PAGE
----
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An introduction to HEBA Justice Hub – MADE     

The murder of George Floyd in 2020 prompted the Revd David Ellis to put out a challenge across the Heart of England Baptist Association (HEBA) for people to stand alongside him as he sought to make a stand for justice. A number of people came forward and ignited the birth of HEBA’s M.A.D.E. (Make A Difference for Everyone) Justice Hub.

Dave, a HEBA regional minister, explains more


The Justice Hub aims to highlight and positively impact those lives and groups that are unjustly marginalised and / or left behind. 

We began our journey in October 2020 by focussing on three areas of justice – racial, women and disabilities. We will:  

  • Support churches to enable the people of God to live out a life of justice in accordance with the will of God. 
  • Support Baptists across the HEBA region, with the full backing of the HEBA Board of Trustees, to live out our values of companionship, generosity, diversity, learning and innovation. 

The Hub: 

  • Is a resource for building ‘just’ churches, structures and processes 
  • Is a justice conscience, speaking into ‘the way we do things’ 
  • Offers support when things go wrong 
  • Connects with a network of regional and national Justice Hubs 
  • Concentrates on one main theme a year, whilst continuing to provide support on the other areas of justice 
  • Ensures that the voices of young people are heard and play a central role in all we do 

How we operate? 

The Hub consists of a Core Group – chaired by Judith Miller one of our HEBA Trustees – and six other members. 

The Core group is then sub divided into four Task Groups; Racial Justice, Disability, Women and Youth Forum. There are 15-20 people dispersed across the groups. Then we have a number of church Justice Reps and groups to help us share information with their Churches. 

Racial Justice Task Group 

For 2020 - 21 we are focusing on Racial Justice. 

The Racial Justice Task Group consists of Anthony Narain (Wade Street), Monique Hyllams (Cannon Street Memorial Baptist Church), Gerard Goshawk (Six Ways Baptist Church Erdington and Baptist Union Racial Justice Group), and David Ellis. 

We have promoted Racial Justice through the Baptist Union Council, Association, newspaper interviews, radio, social media, and several Churches via Zoom.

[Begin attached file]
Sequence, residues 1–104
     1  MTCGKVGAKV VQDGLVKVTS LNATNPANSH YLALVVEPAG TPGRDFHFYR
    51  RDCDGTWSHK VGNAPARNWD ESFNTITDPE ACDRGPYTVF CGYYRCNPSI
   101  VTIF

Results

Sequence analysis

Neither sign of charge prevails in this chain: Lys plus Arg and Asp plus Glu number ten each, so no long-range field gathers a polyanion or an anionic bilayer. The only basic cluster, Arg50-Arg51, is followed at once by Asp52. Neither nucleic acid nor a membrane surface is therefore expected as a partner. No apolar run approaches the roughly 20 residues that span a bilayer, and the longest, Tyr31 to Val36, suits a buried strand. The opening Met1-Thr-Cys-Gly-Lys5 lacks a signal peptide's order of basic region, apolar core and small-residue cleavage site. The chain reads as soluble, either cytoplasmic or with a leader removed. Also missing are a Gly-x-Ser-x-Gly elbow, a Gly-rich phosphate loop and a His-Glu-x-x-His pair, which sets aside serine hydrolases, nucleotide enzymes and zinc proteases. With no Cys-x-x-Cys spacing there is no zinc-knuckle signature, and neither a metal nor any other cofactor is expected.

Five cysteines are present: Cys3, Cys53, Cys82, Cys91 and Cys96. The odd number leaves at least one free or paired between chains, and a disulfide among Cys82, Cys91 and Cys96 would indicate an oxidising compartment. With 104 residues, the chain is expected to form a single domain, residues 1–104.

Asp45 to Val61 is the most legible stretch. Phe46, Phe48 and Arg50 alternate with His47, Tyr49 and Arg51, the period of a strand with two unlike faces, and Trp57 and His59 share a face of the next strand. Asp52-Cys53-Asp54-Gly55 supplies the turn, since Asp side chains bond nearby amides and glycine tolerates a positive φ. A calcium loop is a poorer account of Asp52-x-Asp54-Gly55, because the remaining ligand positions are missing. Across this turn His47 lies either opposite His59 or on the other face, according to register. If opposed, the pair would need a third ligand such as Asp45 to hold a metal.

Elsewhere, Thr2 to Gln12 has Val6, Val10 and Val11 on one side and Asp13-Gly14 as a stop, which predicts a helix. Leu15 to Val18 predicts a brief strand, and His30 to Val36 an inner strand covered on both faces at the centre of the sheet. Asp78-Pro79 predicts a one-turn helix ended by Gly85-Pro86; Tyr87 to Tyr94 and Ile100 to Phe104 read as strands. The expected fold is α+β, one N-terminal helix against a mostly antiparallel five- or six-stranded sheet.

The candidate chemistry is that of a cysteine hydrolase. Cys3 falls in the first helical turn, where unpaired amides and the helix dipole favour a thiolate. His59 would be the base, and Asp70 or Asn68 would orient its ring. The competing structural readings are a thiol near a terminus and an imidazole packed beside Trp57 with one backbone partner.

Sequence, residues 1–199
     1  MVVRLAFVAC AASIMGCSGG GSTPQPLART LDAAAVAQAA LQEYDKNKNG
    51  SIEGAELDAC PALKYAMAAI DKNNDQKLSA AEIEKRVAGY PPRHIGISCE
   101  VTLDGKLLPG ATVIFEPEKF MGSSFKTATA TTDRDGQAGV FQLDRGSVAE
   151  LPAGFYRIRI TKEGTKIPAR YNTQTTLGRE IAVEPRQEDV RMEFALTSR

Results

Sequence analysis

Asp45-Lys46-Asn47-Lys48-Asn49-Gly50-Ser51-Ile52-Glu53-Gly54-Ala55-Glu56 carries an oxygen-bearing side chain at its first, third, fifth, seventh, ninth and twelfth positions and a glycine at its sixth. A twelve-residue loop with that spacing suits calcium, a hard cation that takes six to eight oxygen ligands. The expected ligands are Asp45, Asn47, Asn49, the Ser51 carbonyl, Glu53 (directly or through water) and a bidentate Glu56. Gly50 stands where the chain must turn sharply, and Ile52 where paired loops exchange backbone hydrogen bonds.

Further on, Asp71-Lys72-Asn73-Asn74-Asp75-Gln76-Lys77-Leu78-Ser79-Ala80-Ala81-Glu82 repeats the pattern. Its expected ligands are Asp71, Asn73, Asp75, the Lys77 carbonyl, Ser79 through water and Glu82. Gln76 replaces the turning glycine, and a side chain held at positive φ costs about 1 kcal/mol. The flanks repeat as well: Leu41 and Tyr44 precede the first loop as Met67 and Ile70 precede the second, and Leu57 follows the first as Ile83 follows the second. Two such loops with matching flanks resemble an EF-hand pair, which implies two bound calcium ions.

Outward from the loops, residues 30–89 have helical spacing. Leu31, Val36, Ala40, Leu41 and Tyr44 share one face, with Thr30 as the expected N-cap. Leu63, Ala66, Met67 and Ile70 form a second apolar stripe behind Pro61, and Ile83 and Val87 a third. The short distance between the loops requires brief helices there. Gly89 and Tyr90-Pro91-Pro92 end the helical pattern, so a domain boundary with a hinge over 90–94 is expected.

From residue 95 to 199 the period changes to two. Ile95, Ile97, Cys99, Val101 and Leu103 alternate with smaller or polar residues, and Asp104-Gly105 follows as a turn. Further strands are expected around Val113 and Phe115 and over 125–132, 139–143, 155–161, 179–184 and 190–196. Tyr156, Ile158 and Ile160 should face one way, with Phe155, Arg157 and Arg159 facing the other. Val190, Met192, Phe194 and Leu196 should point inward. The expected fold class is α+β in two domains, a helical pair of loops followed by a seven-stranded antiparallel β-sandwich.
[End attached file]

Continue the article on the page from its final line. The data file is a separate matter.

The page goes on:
Symposiums are HEBA's theological reflection days that we open up to all HEBA ministers and other church leaders which cover a number of themes. At least one of the three annual symposiums is around the justice issue for that year. This year we focused on Racial Justice and invited Professor Anthony Reddie to speak on ‘A Theology of Racial Justice’. Around 70 people joined us on Zoom with the talks being well received and appreciated. There was similar response to the latest Symposium on 18 November called ‘A Theology of Urban Justice’ with Simon Jay and Tim Judson. 


The HEBA Racial Justice Task Group is committed to working in partnership with other Racial Justice organisations. 

  • Ministers of Colour (MOC) - A group of 90 mainly black with a few Asian ministers came together to respond to the death of George Floyd. This resulted in a modest demonstration at Parliament. Several HEBA ministers came to the July 2020 demonstration in London. 
  • Alongside MOC, the HEBA MADE Justice Hub was represented in Zoom forums with Sir Keir Starmer, Dame Doreen Lawrence, and David Lammy. 
  • Alongside MOC, the HEBA MADE Justice Hub help to lead a Justice Seminar at Fresh Streams Conference in January 2021. 
  • Time4Change BirminghamTime4Change is a major new ecumenical movement between the Black majority Churches and the bulk of traditional churches across Birmingham. Our three Regional Ministers have signed a Time for Change Charter on behalf of the Association. This Charter will help frame the agenda for the HEBA Racial Justice Hub. We had a major city-wide Ecumenical Service of Reconciliation at 4pm on Sunday 17 October 2021 at Birmingham City FC football ground.